Black Duck by Janet Taylor Lisle
It is nearing 1930, and the Prohibition (the banning of transportation and production of certain alcohols) is brewing up trouble in Rhode Island. When two boys named Ruben and Jeddy find a washed up body on the beach, things are just going to get crazier for them and Jeddy’s older sister Marina. They are soon wrapped up in the raging war between drinkers, smugglers, and the authorities; a war in which Jeddy and Ruben will both be drawn together, and torn apart.
What I Thought of Black Duck
First and foremost, I will admittedly say that I had no knowledge of the Prohibition before reading this book, so at the very least, Black Duck is a good book to read if you want to learn something new. The author crafted a novel that not only informed readers about these dark years in history, but also created a thrilling and interesting plot. The book begins when two best friends are strolling down the beach and find an very rich and equally dead man. It then flashes forward to modern day, where a young reporter named David is trying to get the full story from the now elderly Ruben. The book continues like this as David puts all his effort towards prying information out of Ruben. To be honest, one of my favorite aspects of Black Duck was seeing how Ruben used to be and how he is in David’s time. There was a fair amount of action in this story, but it was well balanced with the emotional struggles Jeddy and Ruben experienced during this tough time. Jeddy was faced with a huge moral issue of whether he should support his law-breaking best friend or his law-enforcing policeman father, which made this book even harder to put down. Although jammed full with action, Black Duck also had instances of tragedy, for Jeddy, for Jeddy’s father, even for Viola the dog. This balance of emotional perfection and compelling thrills makes Black Duck a great historical fiction read, deserving 4.5 out of 5 stars.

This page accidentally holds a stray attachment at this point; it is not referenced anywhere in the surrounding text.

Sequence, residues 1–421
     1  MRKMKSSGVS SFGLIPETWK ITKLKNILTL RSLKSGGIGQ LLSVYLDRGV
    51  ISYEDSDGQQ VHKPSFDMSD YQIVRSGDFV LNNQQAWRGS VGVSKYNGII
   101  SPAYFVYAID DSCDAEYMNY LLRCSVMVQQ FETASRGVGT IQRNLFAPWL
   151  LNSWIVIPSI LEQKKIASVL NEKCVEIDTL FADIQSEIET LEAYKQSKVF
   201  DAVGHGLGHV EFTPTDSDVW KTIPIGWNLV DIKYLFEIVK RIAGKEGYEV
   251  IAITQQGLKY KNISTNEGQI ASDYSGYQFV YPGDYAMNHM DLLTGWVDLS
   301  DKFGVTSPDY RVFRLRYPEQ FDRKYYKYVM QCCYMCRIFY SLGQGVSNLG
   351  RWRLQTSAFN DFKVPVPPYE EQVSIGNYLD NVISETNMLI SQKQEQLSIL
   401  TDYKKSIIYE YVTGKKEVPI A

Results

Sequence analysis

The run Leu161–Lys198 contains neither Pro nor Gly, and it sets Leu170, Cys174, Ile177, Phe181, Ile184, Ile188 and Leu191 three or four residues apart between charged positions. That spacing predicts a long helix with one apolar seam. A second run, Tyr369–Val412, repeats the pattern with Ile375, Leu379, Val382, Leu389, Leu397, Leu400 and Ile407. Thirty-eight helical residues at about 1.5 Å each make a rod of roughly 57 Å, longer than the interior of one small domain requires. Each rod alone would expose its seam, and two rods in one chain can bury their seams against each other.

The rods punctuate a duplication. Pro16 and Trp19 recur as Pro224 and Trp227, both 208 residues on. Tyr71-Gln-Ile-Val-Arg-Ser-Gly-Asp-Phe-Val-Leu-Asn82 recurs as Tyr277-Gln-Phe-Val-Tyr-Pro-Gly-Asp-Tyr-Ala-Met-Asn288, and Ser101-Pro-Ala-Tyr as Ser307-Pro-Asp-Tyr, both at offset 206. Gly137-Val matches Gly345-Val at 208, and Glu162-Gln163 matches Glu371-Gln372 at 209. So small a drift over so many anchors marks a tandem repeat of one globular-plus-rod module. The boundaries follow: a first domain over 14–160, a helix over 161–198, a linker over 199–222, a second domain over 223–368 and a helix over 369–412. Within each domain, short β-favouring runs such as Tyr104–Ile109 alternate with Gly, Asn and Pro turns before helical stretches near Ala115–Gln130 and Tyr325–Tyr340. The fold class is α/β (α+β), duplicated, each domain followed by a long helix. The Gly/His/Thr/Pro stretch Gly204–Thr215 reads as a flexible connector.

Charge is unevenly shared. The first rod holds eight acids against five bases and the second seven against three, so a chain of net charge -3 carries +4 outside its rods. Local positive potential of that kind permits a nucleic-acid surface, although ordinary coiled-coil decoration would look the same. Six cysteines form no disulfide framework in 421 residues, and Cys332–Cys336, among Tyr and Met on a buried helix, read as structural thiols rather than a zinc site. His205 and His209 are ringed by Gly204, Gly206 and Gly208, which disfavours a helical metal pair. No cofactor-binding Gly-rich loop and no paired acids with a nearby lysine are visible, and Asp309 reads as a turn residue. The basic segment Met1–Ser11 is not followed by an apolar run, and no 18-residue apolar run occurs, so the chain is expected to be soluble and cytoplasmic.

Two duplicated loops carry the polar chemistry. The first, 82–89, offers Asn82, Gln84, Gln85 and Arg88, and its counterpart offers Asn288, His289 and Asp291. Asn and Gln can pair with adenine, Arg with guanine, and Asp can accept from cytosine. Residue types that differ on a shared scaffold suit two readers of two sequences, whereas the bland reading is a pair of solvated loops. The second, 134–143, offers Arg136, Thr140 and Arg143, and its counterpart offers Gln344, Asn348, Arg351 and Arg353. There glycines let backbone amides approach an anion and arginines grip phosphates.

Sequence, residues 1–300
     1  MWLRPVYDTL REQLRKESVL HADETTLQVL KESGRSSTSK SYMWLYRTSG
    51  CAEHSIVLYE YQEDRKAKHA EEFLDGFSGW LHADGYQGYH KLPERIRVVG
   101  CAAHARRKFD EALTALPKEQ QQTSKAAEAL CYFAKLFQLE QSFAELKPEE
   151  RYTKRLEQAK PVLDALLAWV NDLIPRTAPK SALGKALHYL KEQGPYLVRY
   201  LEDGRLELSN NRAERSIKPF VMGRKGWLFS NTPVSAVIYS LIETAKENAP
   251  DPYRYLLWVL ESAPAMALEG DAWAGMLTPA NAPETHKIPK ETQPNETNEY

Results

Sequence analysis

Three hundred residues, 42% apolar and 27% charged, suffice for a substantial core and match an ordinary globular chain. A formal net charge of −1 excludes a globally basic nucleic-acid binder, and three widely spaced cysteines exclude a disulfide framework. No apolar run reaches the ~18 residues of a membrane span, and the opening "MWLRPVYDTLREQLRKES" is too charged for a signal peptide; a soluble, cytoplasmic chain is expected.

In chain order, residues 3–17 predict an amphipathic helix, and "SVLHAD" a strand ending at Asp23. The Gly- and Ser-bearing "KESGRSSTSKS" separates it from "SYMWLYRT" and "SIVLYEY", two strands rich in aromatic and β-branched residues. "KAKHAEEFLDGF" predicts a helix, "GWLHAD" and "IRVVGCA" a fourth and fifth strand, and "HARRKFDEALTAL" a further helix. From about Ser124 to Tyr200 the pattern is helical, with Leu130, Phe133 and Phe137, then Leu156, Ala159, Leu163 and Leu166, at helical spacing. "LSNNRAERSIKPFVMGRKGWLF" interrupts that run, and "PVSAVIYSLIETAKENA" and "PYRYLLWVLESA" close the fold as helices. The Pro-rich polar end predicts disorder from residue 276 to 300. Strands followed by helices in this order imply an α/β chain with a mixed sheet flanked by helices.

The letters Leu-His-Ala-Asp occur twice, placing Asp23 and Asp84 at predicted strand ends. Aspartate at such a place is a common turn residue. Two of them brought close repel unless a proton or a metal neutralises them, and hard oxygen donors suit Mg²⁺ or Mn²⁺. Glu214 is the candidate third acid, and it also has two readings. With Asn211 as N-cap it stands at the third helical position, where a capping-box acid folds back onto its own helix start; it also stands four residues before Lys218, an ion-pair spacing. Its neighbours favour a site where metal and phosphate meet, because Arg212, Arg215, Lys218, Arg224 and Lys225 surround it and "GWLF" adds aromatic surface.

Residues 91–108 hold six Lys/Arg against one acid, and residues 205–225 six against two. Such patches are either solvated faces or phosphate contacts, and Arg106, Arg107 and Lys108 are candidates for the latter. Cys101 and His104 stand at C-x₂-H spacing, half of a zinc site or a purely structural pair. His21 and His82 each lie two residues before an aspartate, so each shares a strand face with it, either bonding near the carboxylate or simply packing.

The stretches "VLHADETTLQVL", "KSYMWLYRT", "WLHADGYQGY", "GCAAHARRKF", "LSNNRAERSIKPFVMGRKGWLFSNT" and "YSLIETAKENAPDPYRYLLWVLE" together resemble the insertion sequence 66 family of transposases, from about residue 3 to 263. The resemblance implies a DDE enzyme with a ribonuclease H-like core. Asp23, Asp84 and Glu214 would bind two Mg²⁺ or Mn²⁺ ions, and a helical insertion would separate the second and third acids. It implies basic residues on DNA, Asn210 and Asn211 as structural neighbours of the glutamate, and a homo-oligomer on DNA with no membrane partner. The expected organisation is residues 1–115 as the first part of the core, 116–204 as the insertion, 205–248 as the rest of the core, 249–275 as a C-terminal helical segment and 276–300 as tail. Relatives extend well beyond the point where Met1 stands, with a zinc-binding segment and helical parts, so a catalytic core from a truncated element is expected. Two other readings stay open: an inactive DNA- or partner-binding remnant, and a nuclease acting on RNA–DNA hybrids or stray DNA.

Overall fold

One of my the most memorable moments in Black Duck is actually the first event in this book. I thought finding a man dead on the beach was a surprising and epic way to open up a story, and the rest of Black Duck surely didn’t disappoint me!